We’re entering a mobile service price war. Number three U.S. mobile service provider Sprint plans to offer unlimited minute price plans as low as $60 a month to trump the $99-a-month unlimited minute price plan announcements yesterday by its larger rivals Verizon and AT&T.
While this is great news for consumers who have long been held captive by expensive mobile price plans and outrageous overage charges, this could also be good news for the mobile industry itself whether they realize it or not.
You see, the trend in the industry is shifting away from the more traditional, simple handsets, and towards Internet-enabled mobile computing devices. With many of the companies now offering unlimited data plans for devices such as the Blackberry, it was really only a matter of time before people started to realize that it would be cheaper to talk over the Internet via technologies such as VoIP.
Sure, there hasn’t yet been an influx of VoIP applications on devices such as the iPhone, but companies are at work to bring that technology to such devices. Even if the mobile companies were successful in blocking such applications from being installed on phones, soon enough people would find ways to use them via the web browsers on their phones or instant messaging applications.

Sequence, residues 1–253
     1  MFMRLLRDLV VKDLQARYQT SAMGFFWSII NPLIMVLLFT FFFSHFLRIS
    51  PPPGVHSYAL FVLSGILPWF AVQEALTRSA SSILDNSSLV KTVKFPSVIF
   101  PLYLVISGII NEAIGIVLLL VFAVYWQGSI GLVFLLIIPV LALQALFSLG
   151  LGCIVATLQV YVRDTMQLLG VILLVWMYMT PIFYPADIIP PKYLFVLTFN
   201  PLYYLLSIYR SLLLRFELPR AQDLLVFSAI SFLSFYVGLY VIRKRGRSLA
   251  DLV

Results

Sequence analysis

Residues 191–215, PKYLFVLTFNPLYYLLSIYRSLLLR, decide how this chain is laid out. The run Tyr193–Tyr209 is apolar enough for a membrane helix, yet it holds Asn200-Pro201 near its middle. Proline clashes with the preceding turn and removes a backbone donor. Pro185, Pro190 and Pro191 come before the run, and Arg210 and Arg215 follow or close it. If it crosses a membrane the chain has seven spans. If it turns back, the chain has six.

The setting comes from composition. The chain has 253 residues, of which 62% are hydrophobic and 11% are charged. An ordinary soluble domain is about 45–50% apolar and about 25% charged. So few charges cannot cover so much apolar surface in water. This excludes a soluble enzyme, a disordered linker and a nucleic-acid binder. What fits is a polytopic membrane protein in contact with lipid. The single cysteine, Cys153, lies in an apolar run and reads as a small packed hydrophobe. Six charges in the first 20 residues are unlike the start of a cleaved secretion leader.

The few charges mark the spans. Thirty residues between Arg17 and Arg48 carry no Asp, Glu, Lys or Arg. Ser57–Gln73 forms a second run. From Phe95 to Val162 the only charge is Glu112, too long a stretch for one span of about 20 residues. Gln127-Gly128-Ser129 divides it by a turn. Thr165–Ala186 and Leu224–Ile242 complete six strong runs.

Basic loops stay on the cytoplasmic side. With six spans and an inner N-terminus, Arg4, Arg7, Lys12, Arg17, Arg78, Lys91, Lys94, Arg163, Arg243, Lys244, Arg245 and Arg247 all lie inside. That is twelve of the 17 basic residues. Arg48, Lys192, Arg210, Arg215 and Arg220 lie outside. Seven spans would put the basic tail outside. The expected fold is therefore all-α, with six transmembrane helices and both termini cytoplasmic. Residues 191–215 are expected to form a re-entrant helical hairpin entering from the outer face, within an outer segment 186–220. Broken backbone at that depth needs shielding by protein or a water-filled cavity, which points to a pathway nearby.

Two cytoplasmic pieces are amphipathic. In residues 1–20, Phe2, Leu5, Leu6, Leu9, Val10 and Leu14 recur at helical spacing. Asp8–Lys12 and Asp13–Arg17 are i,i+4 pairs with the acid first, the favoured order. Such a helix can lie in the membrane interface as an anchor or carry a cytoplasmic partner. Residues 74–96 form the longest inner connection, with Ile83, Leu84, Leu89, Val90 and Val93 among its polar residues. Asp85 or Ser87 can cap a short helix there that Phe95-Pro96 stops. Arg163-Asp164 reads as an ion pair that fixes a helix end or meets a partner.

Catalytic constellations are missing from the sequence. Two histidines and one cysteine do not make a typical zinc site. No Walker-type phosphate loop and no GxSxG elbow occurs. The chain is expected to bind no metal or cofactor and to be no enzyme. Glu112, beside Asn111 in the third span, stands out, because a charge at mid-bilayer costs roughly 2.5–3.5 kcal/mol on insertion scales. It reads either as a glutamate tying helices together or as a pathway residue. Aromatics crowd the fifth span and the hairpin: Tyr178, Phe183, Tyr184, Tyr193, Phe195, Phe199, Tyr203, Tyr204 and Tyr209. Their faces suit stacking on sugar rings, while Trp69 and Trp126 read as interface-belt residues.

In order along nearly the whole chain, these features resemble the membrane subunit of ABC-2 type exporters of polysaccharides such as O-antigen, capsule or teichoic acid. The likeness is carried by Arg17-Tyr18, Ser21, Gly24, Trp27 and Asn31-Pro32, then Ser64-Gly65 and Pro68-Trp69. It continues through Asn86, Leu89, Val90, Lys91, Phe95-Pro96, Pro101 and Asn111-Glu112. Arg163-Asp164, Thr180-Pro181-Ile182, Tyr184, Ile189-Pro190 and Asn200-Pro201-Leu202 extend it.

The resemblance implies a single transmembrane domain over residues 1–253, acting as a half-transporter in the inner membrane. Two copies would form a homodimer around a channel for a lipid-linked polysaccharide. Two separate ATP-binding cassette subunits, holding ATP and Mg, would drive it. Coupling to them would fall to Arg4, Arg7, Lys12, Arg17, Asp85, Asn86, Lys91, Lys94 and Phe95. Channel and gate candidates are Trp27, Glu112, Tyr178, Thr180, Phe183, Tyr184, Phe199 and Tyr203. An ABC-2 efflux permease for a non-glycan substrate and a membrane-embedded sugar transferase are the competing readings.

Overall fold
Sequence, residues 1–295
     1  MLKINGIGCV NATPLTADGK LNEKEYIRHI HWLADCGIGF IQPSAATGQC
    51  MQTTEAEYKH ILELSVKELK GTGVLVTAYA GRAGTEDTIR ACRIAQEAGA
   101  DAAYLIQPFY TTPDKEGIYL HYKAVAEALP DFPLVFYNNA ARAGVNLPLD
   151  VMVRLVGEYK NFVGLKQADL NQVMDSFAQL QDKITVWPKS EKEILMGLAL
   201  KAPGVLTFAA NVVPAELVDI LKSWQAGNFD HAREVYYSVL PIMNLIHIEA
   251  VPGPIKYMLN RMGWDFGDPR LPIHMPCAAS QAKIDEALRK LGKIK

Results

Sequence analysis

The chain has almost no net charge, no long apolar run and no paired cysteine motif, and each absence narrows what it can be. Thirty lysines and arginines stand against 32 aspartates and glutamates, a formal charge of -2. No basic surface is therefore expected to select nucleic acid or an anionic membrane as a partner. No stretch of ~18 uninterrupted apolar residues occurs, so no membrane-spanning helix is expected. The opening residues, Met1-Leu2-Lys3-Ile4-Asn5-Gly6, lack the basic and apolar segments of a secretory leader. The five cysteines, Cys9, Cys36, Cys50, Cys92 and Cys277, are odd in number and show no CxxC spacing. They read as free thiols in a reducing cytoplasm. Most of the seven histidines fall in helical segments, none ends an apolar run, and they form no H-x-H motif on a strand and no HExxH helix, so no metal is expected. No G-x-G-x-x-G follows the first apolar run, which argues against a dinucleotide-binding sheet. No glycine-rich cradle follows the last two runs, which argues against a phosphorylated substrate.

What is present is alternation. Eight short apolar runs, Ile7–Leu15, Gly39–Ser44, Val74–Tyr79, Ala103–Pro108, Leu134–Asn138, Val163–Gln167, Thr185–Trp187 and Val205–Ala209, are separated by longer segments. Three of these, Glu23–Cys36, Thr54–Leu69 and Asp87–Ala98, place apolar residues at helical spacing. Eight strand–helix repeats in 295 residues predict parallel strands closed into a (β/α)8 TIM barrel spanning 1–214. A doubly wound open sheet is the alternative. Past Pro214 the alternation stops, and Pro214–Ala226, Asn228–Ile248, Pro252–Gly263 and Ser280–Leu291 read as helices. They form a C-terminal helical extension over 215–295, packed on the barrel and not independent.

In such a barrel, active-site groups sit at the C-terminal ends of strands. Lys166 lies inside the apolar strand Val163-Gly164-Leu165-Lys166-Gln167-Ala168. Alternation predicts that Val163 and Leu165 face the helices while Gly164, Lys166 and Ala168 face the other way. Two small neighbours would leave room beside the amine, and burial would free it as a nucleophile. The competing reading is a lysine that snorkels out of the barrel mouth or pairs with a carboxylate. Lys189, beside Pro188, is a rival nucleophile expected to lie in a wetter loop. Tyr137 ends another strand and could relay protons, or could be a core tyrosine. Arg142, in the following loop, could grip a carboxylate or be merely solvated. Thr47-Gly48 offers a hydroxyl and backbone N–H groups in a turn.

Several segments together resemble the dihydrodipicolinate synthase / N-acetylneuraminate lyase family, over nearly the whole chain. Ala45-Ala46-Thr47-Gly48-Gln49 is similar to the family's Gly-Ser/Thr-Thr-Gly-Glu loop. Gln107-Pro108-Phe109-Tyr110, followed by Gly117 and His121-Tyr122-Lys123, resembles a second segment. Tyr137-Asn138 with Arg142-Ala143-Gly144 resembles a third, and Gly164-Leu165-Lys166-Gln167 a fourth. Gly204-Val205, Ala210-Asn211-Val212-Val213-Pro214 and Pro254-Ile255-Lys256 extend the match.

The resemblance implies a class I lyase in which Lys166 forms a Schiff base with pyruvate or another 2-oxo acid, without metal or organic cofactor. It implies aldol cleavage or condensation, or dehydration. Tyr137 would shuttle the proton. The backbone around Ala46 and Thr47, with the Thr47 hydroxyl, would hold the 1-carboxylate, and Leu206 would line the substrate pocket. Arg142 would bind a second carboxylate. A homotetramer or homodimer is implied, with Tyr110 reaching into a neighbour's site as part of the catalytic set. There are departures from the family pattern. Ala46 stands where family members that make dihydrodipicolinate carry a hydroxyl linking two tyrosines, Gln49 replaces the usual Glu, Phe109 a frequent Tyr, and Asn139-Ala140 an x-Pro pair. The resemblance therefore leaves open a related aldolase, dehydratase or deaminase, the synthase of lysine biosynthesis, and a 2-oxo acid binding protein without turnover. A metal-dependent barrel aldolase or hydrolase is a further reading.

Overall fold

Don’t forget that many cellphones are now coming with WiFi built-in that could circumnavigate the cellular companies altogether as well.
Skype recently announced that it had connected 100 billion Skype-to-Skype calls over the Internet. It is only a matter of time before people start to use the Internet on their phones in the same way. Skype knows this, which is why it has introduced products like the Skypephone.
Skype also just announced a new peak two days ago of 12 million concurrent users online – and is growing fast.
This price war should satisfy customers enough for the time being, but who knows what kind of applications we’ll see when the first Google Android-enabled phones start hitting the market later this year as well as when the iPhone SDK hits later this month (our coverage). Incidentally, these were likely two of the main factors that led to the price war in the first place.
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